This abstract will be presented at a press conference hosted by C. Kent Osborne, M.D., director of the Lester and Sue Smith Breast Cancer Center at Baylor College of Medicine, on Friday, Dec. 7 at 7:30 a.m. CT in Room 217 A-C of the Henry B. Gonzales Convention Center. Reporters who cannot attend in person can call in using the following information:
• U.S./Canada (toll free): 1 (800) 446-2782
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Newswise — SAN ANTONIO — Women undergoing chemotherapy who experience cognitive problems, commonly referred to as “chemo brain,” displayed alterations in neurocognitive responses prior to undergoing treatment, according to data presented at the 2012 CTRC-AACR San Antonio Breast Cancer Symposium, held here Dec. 4-8.
Bernadine Cimprich, Ph.D., R.N., associate professor emerita at the University of Michigan School of Nursing in Ann Arbor, and colleagues found that pretreatment neurocognitive compromise and fatigue were key contributors to the cognitive effects often attributed to chemotherapy.
“For a long time, women undergoing treatment for breast cancer have reported cognitive problems such as trouble thinking clearly, remembering things, and carrying out jobs and other responsibilities, which we have attributed to chemotherapy or ‘chemo brain,’” Cimprich said. “Research shows that these problems do occur in some women during chemotherapy, but we still do not understand what the underlying causes are.”
Cimprich and her colleagues reasoned that the mental demand and stress of a breast cancer diagnosis could play a role in these early cognitive problems. They tested neurocognitive responses using functional magnetic resonance imaging (fMRI) on 28 women who received adjuvant chemotherapy, 37 who received radiotherapy and 32 healthy controls. Before treatment and one month after treatment, the participants performed a verbal working memory task with varying levels of demand for cognitive control during fMRI scanning. They also provided self-reports of fatigue.
Women who underwent chemotherapy reported a significantly higher level of fatigue and performed less accurately on the cognitive tests before treatment and one month after treatment. In addition, greater fatigue correlated with poorer test performance and more cognitive problems reported over time.
Brain imaging before treatment showed reduced function in regions needed to perform the task in both patient groups when compared with controls, with more compromise seen in women awaiting chemotherapy. Women who were less successful in recruiting the brain regions needed for the task before treatment were more likely to suffer greater fatigue over time, regardless of treatment group.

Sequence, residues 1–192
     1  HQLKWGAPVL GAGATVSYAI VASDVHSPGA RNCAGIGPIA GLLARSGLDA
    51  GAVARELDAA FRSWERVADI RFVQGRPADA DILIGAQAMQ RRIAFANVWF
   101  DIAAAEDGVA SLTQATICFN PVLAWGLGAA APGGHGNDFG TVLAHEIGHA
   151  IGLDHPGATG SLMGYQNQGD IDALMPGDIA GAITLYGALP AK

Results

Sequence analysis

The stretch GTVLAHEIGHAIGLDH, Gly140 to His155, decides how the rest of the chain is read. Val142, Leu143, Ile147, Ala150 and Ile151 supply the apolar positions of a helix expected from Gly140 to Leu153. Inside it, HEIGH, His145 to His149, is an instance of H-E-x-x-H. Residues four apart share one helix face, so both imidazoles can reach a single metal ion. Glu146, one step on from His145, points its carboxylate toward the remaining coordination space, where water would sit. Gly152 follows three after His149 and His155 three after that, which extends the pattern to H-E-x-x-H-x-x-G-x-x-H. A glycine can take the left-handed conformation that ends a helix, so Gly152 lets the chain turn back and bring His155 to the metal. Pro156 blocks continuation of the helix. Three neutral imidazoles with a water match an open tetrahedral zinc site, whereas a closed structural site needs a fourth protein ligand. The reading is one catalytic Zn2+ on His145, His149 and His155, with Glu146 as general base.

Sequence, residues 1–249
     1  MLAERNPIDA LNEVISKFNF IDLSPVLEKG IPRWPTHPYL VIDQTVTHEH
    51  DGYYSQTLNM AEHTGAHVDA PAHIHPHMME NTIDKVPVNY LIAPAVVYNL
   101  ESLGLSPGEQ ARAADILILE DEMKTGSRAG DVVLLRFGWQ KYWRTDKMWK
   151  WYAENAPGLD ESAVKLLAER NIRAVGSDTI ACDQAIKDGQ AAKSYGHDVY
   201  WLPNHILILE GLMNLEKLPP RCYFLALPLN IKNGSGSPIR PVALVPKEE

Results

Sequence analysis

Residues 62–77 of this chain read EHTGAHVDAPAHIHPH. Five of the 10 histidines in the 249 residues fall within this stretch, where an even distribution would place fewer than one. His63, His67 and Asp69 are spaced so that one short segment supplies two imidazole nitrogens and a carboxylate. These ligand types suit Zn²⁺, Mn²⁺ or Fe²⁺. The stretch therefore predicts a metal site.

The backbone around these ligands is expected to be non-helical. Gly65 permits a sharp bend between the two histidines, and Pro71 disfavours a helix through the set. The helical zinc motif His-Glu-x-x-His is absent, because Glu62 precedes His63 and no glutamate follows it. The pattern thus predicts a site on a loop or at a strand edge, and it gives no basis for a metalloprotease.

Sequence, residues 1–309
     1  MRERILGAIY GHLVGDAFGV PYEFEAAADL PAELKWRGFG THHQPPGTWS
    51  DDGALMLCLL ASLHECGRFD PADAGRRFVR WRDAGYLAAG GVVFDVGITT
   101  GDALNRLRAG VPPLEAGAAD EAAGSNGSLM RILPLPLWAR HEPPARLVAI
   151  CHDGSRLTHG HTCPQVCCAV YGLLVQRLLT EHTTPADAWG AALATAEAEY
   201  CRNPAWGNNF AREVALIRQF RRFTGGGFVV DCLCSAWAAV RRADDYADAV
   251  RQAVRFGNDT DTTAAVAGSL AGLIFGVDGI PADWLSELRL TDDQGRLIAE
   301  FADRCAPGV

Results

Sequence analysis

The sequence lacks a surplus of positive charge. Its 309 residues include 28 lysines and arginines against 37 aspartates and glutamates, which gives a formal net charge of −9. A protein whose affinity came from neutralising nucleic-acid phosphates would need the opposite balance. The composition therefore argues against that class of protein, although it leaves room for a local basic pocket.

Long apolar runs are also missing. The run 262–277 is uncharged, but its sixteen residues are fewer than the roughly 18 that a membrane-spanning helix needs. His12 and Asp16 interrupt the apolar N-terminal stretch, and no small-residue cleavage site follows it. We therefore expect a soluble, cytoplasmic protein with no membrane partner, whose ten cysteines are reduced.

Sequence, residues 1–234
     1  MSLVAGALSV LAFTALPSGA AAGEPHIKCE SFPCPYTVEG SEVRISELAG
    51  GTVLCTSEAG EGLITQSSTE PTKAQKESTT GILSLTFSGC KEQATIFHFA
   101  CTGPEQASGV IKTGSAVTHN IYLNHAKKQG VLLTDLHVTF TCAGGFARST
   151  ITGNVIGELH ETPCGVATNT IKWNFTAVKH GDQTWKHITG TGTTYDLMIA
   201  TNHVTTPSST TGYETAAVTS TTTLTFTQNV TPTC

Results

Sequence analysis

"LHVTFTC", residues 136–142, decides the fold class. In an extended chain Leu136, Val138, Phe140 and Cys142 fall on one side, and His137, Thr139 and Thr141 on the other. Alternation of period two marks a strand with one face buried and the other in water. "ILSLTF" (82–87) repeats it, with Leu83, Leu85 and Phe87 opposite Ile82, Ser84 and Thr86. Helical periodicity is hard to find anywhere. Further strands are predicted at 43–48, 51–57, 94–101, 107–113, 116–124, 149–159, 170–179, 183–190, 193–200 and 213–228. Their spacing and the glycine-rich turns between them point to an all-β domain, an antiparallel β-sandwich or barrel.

“Our initial findings showed that the level of worry interfered with patients’ ability to do a task,” Cimprich said. “The level of worry had a key role in the cognitive problems with these women before treatment, and this worry was related to fatigue.”
Scores for cognitive testing from women who underwent radiation treatment fell between those of women who underwent chemotherapy and those of the healthy women.
“Women faced with the decision to undergo chemotherapy should know that cognitive problems, should they occur, may not always stem from chemotherapy,” Cimprich said. “Women should not avoid accepting recommendations for lifesaving chemotherapy for fear of ‘chemo brain.’”
Cimprich recommended existing interventions to combat stress after a breast cancer diagnosis, including mindfulness intervention, psychological support, cognitive behavior interventions and exercise.
“It might be possible to diminish worry and fatigue and maintain strong brain function during the course of treatment using these interventions,” Cimprich said.
The research was funded by the National Institutes of Health.
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The mission of the 2012 CTRC-AACR San Antonio Breast Cancer Symposium is to produce a unique and comprehensive scientific meeting that encompasses the full spectrum of breast cancer research, facilitating the rapid translation of new knowledge into better care for patients with breast cancer. The Cancer Therapy & Research Center (CTRC) at The University of Texas Health Science Center at San Antonio, the American Association for Cancer Research (AACR) and Baylor College of Medicine are joint sponsors of the San Antonio Breast Cancer Symposium. This collaboration utilizes the clinical strengths of the CTRC and Baylor and the AACR’s scientific prestige in basic, translational and clinical cancer research to expedite the delivery of the latest scientific advances to the clinic. For more information about the symposium, please visit www.sabcs.org.